THE owner of two boats was recently fined £800 and ordered to pay costs of almost £21,000 for obstructing a busy part of the River Thames
Alistair Trotman broke safety byelaws when mooring the barges he rented out as accommodation at one of the busiest sections of the river, at Molesey Lock in Surrey.
At Staines magistrates’ court on January 19, he was ordered to pay the Environment Agency’s costs of £20,591.40 and a victim surcharge of £80.
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The Environment Agency took the 55-year-old to court for compromising the safe passage of other boats through the lock. Trotman kept Kupe and Rhythm of River, each 25m long, in the same spot next to EA land for months.
Boats moored permanently without the consent of the landowner can only remain stationary on the non-tidal Thames for up to 24 hours – and mustn’t cause an obstruction to other traffic.
Staines Magistrates last year convicted Trotman, who lives on board Kupe, at Kingston-upon- Thames, of berthing the boats for longer than legally allowed. He was also guilty of ignoring orders from the Thames harbour master to move them.
Colin Chiverton, environment manager for the River Thames at the Environment Agency, said:
“Most boats using our locks do so lawfully and continue along the river. Trotman’s £800 fine and nearly £21,000 costs, instead of the taxpayer footing the legal bill, show the result of not doing so.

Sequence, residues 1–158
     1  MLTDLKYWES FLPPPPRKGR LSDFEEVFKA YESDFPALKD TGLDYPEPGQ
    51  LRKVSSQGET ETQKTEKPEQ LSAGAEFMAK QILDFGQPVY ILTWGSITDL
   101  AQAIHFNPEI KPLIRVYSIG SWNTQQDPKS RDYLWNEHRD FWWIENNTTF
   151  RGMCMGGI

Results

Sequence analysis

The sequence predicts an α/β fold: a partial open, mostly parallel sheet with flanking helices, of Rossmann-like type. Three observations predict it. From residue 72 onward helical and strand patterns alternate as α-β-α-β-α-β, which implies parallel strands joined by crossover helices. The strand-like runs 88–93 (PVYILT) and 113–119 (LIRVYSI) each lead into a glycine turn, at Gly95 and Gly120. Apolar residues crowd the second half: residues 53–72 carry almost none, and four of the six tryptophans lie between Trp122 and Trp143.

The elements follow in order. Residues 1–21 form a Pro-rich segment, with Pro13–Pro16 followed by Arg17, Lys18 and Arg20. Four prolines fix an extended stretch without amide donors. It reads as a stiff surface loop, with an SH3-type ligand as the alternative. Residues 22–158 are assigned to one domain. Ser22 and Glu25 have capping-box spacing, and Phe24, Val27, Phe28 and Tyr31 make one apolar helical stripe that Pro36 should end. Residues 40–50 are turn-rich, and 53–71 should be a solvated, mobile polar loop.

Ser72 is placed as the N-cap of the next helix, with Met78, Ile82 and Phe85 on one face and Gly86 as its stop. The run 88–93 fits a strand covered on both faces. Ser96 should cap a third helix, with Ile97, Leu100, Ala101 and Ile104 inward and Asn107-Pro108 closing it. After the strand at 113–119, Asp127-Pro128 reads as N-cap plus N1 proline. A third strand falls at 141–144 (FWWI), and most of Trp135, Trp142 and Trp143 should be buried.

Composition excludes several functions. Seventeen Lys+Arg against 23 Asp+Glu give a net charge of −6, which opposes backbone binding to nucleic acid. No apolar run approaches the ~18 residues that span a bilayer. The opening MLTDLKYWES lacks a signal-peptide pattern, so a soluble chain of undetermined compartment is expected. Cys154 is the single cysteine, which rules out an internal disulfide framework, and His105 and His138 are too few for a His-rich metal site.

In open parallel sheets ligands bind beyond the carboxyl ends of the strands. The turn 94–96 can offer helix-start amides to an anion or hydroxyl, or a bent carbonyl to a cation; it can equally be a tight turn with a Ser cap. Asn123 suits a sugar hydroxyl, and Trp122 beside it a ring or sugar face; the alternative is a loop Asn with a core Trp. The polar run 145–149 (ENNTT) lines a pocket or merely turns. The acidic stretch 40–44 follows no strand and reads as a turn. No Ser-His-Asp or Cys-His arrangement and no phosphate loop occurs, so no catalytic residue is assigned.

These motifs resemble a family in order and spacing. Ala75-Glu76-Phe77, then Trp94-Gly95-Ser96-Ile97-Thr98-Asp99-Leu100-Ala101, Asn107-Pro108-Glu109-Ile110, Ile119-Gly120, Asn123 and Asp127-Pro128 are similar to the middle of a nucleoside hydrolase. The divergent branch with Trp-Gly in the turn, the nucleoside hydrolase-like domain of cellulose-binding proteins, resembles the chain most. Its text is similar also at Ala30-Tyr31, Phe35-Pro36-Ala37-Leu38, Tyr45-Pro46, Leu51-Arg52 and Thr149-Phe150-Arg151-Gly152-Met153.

“The Environment Agency also maintains some limited short-stay public moorings along almost 150 miles of the non-tidal River Thames to encourage pleasure boating and enable secure berthing at set locations. We urge all Thames boat-owners to consider the size and type of vessel they use and how to comply with mooring requirements.”
The court heard evidence from Environment Agency officers that Trotman’s inconsiderate actions exposed other boats and their crews to obstruction and possible danger.
District judge Susan Cooper ruled in favour of the harbour master’s evidence the boats “were likely to affect the navigation of other vessels” in a stretch of water narrowed by Trotman’s actions.
Trotman did move Rhythm of River a few metres from its original position after being warned legal action was a possibility, but he was still in breach of the harbour master notices issued against both boats.
In keeping the boats in place and failing to comply with the harbour master’s two notices to move the boats, Trotman breached the Thames Navigation Licensing and General Byelaws 1993 and the Thames Conservancy Act 1932. He was fined £200 for each of the four offences.Enjoy more Towpath Talk reading in the monthly paper. Click here to subscribe.
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